Jerry S. Cohen Award for Antitrust Scholarship: 2021 Winning Articles
The recipients of the 19th Annual Jerry S. Cohen Award for Antitrust Scholarship were announced today by Cohen Milstein. Each year, AAI hosts the presentation of this award. The award is administered by the law firm he founded, Cohen Milstein. The award was created through a trust established in honor of the late Jerry S. Cohen, an outstanding trial lawyer and antitrust writer and given each year to the best antitrust writing during the prior year that is consistent with the following standards established by the Board of Trustees of the Jerry S. Cohen Memorial Fund.
Four authors were selected for the 19th Annual Jerry S. Cohen Award for Antitrust Scholarship:
C. Scott Hemphill and Tim Wu won for their article, “Nascent Competitors,” 168 U. Pa. L. Rev. 1879 (2020). The article defines nascent competition as a distinct analytical category and outlines a program of antitrust enforcement to protect it. The authors make the case for antitrust enforcement even where the ultimate competitive significance of an acquisition target is uncertain and explain why a contrary view is mistaken as a matter of policy and precedent.
Nancy Rose and Jonathan Sallet won for their article, “The Dichotomous Treatment of Efficiencies in Horizontal Mergers: Too Much? Too Little? Getting It Right,” 168 U. Pa. L. Rev. 1941 (2020). The article evaluates economic analyses of merger efficiencies and concludes that a substantial body of work casts doubt on their presumptive existence and magnitude. The authors argue this implies that the current standards used by federal antitrust agencies to determine whether to investigate a horizontal merger likely are too permissive and that criticisms of the high burden courts impose on merging parties to show efficiencies are misplaced.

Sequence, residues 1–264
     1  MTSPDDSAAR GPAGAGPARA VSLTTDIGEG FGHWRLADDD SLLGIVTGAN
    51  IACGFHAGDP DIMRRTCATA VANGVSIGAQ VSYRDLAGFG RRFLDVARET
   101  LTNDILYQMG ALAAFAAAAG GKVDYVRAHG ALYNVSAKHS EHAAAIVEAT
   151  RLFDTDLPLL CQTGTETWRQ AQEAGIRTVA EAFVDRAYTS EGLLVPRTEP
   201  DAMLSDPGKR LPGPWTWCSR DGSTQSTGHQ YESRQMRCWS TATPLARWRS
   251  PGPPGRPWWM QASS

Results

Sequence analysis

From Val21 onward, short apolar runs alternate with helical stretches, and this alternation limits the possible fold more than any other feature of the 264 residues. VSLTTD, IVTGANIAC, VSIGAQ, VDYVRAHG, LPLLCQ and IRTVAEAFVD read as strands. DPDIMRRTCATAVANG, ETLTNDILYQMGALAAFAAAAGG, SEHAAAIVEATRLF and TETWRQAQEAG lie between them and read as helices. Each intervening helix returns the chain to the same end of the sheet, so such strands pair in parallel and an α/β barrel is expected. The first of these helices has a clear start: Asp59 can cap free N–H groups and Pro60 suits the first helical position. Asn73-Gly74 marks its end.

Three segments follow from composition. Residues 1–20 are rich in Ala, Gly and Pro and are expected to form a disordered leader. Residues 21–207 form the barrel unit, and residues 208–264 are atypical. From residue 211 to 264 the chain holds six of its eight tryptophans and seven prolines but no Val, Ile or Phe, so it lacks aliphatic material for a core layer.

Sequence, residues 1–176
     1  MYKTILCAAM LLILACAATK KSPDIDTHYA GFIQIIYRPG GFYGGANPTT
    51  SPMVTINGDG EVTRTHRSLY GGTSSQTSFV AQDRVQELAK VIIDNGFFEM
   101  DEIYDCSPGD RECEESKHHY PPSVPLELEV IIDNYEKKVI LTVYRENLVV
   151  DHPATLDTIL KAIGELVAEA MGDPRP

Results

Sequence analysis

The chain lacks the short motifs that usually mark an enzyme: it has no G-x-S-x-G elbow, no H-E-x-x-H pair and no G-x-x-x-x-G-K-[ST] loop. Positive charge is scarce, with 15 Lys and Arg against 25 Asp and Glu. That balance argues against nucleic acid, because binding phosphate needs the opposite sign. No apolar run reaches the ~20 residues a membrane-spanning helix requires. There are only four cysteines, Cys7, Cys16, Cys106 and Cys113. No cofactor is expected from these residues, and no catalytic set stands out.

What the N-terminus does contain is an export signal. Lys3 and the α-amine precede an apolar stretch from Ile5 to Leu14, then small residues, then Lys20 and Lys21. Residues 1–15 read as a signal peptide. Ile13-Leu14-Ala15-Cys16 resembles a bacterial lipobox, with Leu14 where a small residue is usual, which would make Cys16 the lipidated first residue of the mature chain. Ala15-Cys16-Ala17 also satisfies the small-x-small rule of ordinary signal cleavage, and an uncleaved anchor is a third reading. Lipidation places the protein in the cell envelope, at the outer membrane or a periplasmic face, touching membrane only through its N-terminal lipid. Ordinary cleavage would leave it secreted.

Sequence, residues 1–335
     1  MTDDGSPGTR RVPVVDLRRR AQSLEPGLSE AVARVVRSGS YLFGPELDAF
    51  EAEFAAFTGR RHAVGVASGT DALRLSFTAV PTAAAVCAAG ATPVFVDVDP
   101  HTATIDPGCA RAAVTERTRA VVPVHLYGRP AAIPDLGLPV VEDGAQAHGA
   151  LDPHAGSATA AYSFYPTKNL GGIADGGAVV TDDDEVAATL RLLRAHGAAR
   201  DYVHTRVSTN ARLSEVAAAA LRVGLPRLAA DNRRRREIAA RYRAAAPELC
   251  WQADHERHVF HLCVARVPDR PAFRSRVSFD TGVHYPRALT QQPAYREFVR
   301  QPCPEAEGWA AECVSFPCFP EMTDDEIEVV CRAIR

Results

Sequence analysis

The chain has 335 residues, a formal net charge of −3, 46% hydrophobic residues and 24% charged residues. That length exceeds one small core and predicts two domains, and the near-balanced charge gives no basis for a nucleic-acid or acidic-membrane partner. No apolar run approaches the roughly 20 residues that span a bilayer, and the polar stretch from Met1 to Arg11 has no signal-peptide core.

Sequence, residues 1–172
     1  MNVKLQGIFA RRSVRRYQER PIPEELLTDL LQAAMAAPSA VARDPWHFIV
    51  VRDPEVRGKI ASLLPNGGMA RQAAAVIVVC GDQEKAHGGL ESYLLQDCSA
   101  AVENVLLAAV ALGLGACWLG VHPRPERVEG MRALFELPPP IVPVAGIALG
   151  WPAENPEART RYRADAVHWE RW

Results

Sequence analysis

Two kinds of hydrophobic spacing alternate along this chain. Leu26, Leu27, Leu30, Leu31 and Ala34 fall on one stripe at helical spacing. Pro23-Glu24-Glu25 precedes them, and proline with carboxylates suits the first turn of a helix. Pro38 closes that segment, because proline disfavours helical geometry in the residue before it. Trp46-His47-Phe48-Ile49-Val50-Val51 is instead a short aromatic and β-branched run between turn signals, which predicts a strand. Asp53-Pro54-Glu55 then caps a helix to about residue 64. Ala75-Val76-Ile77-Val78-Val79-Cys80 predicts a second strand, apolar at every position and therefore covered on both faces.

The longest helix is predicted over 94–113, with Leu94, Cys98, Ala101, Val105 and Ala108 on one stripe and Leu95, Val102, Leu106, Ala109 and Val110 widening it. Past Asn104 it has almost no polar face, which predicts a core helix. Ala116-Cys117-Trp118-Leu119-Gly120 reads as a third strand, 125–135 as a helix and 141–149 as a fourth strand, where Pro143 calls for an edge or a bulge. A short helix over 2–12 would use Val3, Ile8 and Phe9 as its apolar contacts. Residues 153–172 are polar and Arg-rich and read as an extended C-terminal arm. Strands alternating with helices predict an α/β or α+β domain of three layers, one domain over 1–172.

In addition, this year’s award selection committee has conferred six category awards, as follows:
- Best Antitrust Article of 2020 on Vertical Agreements: David Gilo and Yaron Yehezkel, “Vertical Collusion,” 51 Rand. J. of Econ. 133 (2020)
- Best Article of 2020 on Labor Antitrust: Ioana Marinescu and Eric A. Posner, “Why Has Antitrust Law Failed Workers?” 105 Cornell L. Rev. 1343 (2020)
- Best Antitrust Article of 2020 on Tacit Collusion: Jonathan B. Baker and Joseph Farrell, “Oligopoly Coordination, Economic Analysis, and the Prophylactic Role of Horizontal Merger Enforcement,” 168 U. Pa. L. Rev. 1985 (2020)
- Best Article of 2020 on Antitrust History: Herbert Hovenkamp and Fiona Scott Morton, “Framing the Chicago School of Antitrust Analysis,” 168 U. Pa. L. Rev. 1843 (2020)
- Best Article of 2020 on the Rule of Reason: Michael L. Katz and A. Douglas Melamed, “Competition Law as Common Law: American Express and the Evolution of Antitrust ,” 168 U. Pa. L. Rev. 2061 (2020)
- Best Antitrust Article of 2020 on Cartel Enforcement: Christopher R. Leslie, “The Decline and Fall of Circumstantial Evidence in Antitrust Law,” 69 Am. U. L. Rev. 1713 (2020)
- Best Antitrust Article of 2020 on Platforms: John B. Kirkwood, “Antitrust and Two- Sided Platforms: The Failure of American Express,” 41 Cardozo L. Rev. 1805 (2020)
This year’s award selection committee consisted of Zachary Caplan, Senior Counsel at Berger Montague; Warren Grimes, Professor of Law at Southwestern Law School; John Kirkwood, Professor of Law at Seattle University School of Law; Christopher Leslie, Professor of Law at University of California, Irvine School of Law; Roger Noll, Professor Emeritus of Economics at Stanford University; Daniel H. Silverman, Partner at Cohen Milstein Sellers & Toll PLLC; and Daniel A. Small, Partner at Cohen Milstein Sellers & Toll PLLC. (Professors Kirkwood and Leslie recused themselves from deliberations relating to their own articles.)